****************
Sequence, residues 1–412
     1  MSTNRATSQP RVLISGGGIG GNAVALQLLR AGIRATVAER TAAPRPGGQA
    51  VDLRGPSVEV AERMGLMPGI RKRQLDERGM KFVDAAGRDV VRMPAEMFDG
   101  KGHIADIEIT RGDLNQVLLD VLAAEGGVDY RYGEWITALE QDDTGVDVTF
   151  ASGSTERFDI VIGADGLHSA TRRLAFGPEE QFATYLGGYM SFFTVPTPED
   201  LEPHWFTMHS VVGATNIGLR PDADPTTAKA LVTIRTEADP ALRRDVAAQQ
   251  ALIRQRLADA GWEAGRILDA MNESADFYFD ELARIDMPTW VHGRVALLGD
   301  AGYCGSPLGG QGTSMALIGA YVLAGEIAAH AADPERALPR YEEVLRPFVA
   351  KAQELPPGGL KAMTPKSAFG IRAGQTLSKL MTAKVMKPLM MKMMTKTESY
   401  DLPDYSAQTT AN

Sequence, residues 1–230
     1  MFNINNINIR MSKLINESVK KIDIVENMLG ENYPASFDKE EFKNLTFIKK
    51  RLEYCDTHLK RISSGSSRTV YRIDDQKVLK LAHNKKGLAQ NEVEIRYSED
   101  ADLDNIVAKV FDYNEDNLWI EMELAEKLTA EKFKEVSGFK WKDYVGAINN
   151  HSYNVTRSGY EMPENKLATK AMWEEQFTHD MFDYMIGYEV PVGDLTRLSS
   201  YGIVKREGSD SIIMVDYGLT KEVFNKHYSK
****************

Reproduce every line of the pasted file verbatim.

Sequence, residues 1–412
     1  MSTNRATSQP RVLISGGGIG GNAVALQLLR AGIRATVAER TAAPRPGGQA
    51  VDLRGPSVEV AERMGLMPGI RKRQLDERGM KFVDAAGRDV VRMPAEMFDG
   101  KGHIADIEIT RGDLNQVLLD VLAAEGGVDY RYGEWITALE QDDTGVDVTF
   151  ASGSTERFDI VIGADGLHSA TRRLAFGPEE QFATYLGGYM SFFTVPTPED
   201  LEPHWFTMHS VVGATNIGLR PDADPTTAKA LVTIRTEADP ALRRDVAAQQ
   251  ALIRQRLADA GWEAGRILDA MNESADFYFD ELARIDMPTW VHGRVALLGD
   301  AGYCGSPLGG QGTSMALIGA YVLAGEIAAH AADPERALPR YEEVLRPFVA
   351  KAQELPPGGL KAMTPKSAFG IRAGQTLSKL MTAKVMKPLM MKMMTKTESY
   401  DLPDYSAQTT AN

Sequence, residues 1–230
     1  MFNINNINIR MSKLINESVK KIDIVENMLG ENYPASFDKE EFKNLTFIKK
    51  RLEYCDTHLK RISSGSSRTV YRIDDQKVLK LAHNKKGLAQ NEVEIRYSED
   101  ADLDNIVAKV FDYNEDNLWI EMELAEKLTA EKFKEVSGFK WKDYVGAINN
   151  HSYNVTRSGY EMPENKLATK AMWEEQFTHD MFDYMIGYEV PVGDLTRLSS
   201  YGIVKREGSD SIIMVDYGLT KEVFNKHYSK